Defining success… for yourself

June 21, 2020 4 min read

By now we all know that I am a self-diagnosed quote junky. Due to this diagnosis I could spit out dozens of definitions of success as defined by people much smarter than me. After tiring you with endless quotes, I would tell you that those quotes are simply inspirational and that you should not use them as your definition of success. Wait what…?! You don’t abide by everything you learn from those quotes? Ummm no. I don’t blindly follow anything, period. I know I come across as defiant at times. We will leave that as a conversation or therapy session for another time. Back to defining success.

 

Just like one of the overarching themes of this website, I do what is authentic to me and who I am striving to become. Therefore, that means again that my definition of success and yours will be and should be different. My definition of success encompasses measures from different areas of my life. Success for me is defined according to the following areas: professional accomplishments, personal life, financial achievements, spiritual growth, and my family. Because I am an over-sharer with no boundaries, I will share my definition.

 

Success means that I have attained the following:

 

Professional accomplishment – No longer having to introduce myself when I walk into a room. When I speak, people listen, not because I am right but because I am known for being thoughtful and intentional when I speak. That I would have ascended to the highest position in my industry.

 

Personal life – I have opened myself up to giving and receiving love from a person that complements me, believes in me, and has a vision for our future.

 

Financial achievement – There is no number. Simply, I will no longer have to worry about the next paycheck. I am able to live a fiscally responsible life, where I have the means to fund projects designed to better the lives of children aging out of foster care and pregnant women with no support system. I would like to pay for my son, nieces, and nephews to attend the colleges of their choice so they do not have to rely on student loans. I would like to send my mother on a trip around the world with her best friend.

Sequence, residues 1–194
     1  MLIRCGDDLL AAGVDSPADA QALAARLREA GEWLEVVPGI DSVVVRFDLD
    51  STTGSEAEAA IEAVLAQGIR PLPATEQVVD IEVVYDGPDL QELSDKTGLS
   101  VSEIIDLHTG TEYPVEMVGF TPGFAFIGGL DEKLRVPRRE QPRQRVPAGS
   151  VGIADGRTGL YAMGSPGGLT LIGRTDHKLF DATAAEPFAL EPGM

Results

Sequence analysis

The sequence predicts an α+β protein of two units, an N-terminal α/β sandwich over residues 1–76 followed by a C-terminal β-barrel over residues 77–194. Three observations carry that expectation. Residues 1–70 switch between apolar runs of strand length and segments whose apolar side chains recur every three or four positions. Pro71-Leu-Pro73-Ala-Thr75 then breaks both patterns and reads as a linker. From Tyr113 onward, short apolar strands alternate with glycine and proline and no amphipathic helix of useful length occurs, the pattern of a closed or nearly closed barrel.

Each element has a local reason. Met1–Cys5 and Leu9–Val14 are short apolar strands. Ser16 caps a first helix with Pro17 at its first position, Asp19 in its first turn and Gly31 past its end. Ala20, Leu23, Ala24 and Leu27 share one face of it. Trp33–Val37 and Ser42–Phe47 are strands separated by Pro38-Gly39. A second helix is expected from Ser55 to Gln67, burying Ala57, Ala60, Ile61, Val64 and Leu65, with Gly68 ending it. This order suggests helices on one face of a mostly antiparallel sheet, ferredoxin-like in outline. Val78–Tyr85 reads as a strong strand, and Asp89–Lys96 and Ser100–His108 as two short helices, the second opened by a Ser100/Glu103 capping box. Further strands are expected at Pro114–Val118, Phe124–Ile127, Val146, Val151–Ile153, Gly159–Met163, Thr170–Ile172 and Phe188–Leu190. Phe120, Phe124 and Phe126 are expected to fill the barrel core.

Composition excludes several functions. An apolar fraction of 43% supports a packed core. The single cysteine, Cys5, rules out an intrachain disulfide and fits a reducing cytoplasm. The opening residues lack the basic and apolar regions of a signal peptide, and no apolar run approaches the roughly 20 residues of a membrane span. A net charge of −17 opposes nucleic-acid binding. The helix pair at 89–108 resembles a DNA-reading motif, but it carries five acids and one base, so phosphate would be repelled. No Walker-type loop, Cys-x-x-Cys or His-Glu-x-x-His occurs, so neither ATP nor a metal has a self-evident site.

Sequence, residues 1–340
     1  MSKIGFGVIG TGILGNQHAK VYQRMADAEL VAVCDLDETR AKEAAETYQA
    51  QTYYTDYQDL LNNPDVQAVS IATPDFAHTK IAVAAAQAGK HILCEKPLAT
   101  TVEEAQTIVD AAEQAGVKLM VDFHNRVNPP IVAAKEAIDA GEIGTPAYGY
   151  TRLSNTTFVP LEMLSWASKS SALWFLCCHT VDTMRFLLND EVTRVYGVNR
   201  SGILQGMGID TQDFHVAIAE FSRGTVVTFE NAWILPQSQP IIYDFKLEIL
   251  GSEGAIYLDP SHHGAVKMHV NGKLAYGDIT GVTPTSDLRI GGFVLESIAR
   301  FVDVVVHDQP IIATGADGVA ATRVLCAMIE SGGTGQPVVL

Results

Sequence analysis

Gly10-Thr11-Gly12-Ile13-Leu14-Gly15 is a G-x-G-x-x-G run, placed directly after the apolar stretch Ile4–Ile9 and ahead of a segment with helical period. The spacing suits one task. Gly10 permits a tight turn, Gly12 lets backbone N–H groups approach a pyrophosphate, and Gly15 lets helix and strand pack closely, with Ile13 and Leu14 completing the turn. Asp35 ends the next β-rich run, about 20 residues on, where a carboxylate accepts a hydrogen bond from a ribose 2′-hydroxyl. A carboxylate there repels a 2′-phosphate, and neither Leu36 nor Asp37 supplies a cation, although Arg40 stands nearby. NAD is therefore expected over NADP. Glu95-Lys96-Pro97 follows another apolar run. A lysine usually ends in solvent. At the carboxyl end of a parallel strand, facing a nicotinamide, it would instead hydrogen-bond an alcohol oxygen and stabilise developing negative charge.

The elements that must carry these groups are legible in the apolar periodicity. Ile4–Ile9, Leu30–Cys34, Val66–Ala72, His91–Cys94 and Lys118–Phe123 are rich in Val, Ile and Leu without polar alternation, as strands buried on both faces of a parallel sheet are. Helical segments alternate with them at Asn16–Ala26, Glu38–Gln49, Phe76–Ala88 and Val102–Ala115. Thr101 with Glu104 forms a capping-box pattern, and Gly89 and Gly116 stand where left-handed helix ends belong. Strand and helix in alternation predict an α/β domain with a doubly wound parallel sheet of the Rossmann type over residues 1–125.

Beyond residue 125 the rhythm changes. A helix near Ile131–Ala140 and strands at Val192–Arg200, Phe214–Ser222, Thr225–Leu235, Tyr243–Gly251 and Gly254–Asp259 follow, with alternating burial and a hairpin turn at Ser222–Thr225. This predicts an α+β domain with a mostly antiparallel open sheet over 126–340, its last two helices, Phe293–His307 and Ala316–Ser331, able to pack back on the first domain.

Spiritual growth – A better understanding of God. That I continually see him in everything; the good, bad, and the ugly, understanding that it is all being done for my good.

 

Family– As I have said (and will continue to say), I have the best family ever. I would like to help my son find his voice. I would like to model the principles of living a BAM life for my family in all I do and help them achieve their best selves.

 

So how do you achieve success? There are so many steps and schools of thought out there but I will share mine.

  • Failure to plan means planning to fail
  • Actions speak louder than words.
  • Fail fast
  • Assess
  • Don’t give up
  • Reassess

 

Failure to plan means planning to fail: Without a plan, your vision is just a dream. A plan helps keep you focused, it motivates you, and it keeps you honest. Plans also help you identify steps that you may have overlooked. Having your plan written will help you with the other steps.

 

Actions speak louder than words: Don’t talk about it, be about it! We’ve all heard that or some iteration of it. Most of us can talk a great game but are unable to match those words with actions. This inaction typically has multiple causes, but let’s focus on the main one; fear. Fear of failure, loss, ridicule, etc. has the effect of limiting our vision to simply being a dream.

 

Fail fast: How do you deal with your fear? Fail fast! So let’s deal with what everyone is thinking; no one wants to fail. With all due respect, DUH! However, if you can name one successful person who has never failed, I would then be able to name one person who has lied about his/her journey, or better yet a person who is not successful. Everyone fails. But what you learn from that failure and how quickly you regroup makes the difference between success and failure.

 

Assess: Assess where you are after the failure. Go back to your vision and your plans for executing the vision. Look at them with a critical yet more experienced eye. Ask yourself these questions:

  • What failed?
  • Why did it fail?
  • What did you learn from the failure?
  • How can you tweak the plan using the lessons learned to get you closer to success?

 

Don’t give up: Though it may be tempting, do not give up on this process. Success will come with hard work and diligence; you just have to be patient. We’ve all seen people who appear to be overnight successes but we don’t know the road they took to attain success.

 

Reassess: If at some point you are not achieving your vision, you may need to reassess the vision. Let’s be clear, I said reassess not cancel the vision. You must revise the vision based on lessons learned. This doesn’t mean your vision was wrong, it means you didn’t have enough information and/or expertise when you began to articulate your vision.

 

The final word… Success is not one size fits all and it does not follow a linear path. At the end of the day, no one can determine what success looks like for you, other than you.

 


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